Updated: February 19, 2020 at 4:48 p.m.
It is in the nature of heroes to be flawed. Whether your hero is a parent, an athlete or a political figure, at some point, everyone realizes that their idol is not perfect. It’s a part of growing up, but that doesn’t make the realization any less difficult.
Dartmouth is full of ambiguities and uncertainties. From the flexibility of the D-Plan to the fluctuating Hanover weather, there seem to be few things here that have a permanent, black-and-white definition. The students’ weird, overly specific lingo is no exception.
As a pastor’s kid growing up in the American Evangelical Church, I was surrounded by images of Jesus. He was usually depicted with light skin, brown hair and a flowing white robe, surrounded by happy little children or fluffy white sheep. Now, whenever I think about Jesus, that’s the image that immediately comes to mind. It’s a lovely pastoral scene, straight out of the storybook bibles and stained glass I grew up on. The only problem is that, according to our best knowledge of history, it’s wrong.
After taking center-stage in the 2016 film “Suicide Squad” as the charming ex-psychiatrist-turned-supervillain, Harley Quinn (Margot Robbie) returns fiercer than ever as she introduces a new version of herself — one separate from the diminutive label of “the Joker’s girlfriend.”
Visitors to the Hood Museum can now view works from the CIPX Project. CIPX, the “Critical Indigenous Photographic Exchange,” was founded in August 2012 by photographer Will Wilson, who now collaborates on the works with photographer Kali Spitzer. The project is a direct response to staged portraits of Native Americans taken by Edward Curtis in the early 1900s.
The Environmental Protection Agency’s Navigable Waters Protection Rule, which was finalized on Jan. 23, will likely create environmental issues both locally and broadly, according to Dartmouth professors and environmental nonprofit leaders. By loosening protections for waterways and wetlands not traditionally considered navigable or connected to navigable water, the changes can impact pollution to areas like Occom Pond, Mink Brook and small bodies of water on private property.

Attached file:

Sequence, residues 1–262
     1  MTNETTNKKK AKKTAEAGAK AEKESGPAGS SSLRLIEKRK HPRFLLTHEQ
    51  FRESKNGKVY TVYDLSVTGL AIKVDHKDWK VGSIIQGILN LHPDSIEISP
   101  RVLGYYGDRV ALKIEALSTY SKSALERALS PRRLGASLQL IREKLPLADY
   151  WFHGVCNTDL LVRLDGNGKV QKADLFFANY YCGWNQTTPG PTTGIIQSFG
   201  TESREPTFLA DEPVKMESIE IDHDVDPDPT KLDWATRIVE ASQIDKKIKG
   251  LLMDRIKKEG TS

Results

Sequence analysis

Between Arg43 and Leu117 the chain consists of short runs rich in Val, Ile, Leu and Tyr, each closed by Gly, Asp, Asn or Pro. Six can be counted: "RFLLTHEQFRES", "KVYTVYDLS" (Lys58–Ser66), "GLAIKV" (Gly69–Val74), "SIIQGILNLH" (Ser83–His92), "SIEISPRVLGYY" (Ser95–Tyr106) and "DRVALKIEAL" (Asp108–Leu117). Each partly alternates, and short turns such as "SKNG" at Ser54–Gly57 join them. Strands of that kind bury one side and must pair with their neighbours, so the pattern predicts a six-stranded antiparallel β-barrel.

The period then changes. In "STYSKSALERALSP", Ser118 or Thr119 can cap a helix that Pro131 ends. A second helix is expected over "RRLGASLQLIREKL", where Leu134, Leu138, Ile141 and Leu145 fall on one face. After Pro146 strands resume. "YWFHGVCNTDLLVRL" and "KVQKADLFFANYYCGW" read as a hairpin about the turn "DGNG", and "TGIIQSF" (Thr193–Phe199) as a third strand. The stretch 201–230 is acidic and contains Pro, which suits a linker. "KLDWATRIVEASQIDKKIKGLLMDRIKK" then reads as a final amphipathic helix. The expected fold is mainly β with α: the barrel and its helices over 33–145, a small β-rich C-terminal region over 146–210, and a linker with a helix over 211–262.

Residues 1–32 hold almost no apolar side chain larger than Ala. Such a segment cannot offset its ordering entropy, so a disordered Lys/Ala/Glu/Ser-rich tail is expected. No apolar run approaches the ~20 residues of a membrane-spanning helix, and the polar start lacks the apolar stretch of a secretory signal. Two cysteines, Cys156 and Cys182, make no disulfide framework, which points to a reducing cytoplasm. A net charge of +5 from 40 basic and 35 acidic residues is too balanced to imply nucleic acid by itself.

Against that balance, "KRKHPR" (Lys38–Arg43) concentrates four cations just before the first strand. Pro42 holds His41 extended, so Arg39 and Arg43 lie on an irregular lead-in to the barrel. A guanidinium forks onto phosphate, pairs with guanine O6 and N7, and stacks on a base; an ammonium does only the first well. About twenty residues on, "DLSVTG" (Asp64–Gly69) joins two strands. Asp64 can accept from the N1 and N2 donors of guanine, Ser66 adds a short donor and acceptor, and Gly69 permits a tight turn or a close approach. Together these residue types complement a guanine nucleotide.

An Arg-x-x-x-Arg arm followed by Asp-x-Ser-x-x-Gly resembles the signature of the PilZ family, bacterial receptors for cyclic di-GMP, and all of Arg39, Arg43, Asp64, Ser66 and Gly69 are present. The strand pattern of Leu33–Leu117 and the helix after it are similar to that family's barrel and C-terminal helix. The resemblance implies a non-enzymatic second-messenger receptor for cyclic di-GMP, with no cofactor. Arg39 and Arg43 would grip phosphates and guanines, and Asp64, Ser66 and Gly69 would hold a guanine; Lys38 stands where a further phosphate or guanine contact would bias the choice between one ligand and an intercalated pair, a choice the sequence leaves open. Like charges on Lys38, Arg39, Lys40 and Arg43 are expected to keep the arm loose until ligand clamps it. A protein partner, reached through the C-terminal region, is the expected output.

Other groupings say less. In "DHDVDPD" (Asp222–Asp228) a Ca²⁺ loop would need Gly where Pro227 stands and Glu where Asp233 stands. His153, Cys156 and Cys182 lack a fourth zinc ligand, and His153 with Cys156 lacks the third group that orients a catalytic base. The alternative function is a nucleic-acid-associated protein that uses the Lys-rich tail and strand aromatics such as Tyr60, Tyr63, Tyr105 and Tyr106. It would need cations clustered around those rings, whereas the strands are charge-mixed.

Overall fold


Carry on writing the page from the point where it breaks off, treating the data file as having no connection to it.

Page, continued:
The votes have been counted, the student canvasser tables at Novack Cafe are empty and the 2020 New Hampshire primary election has passed. But what exactly should community members make of the results?
In the midst of polarized opinions about diversity on college campuses, government professor and associate dean of faculty for the social sciences John Carey, government professor Yusaku Horiuchi and Stanford University Ph.D. student Katherine Clayton ’18 have published a book titled “Campus Diversity: The Hidden Consensus.”
Funded primarily by the College’s ongoing “The Call to Lead” capital campaign, the newly renovated Anonymous Hall’s construction prioritizes sustainability and alumni recognition. The name of the building — originally Dana Biomedical Library — is intended to acknowledge the contributions of Dartmouth alumni and comes at the request of the anonymous lead donor for the project, who declined publicity.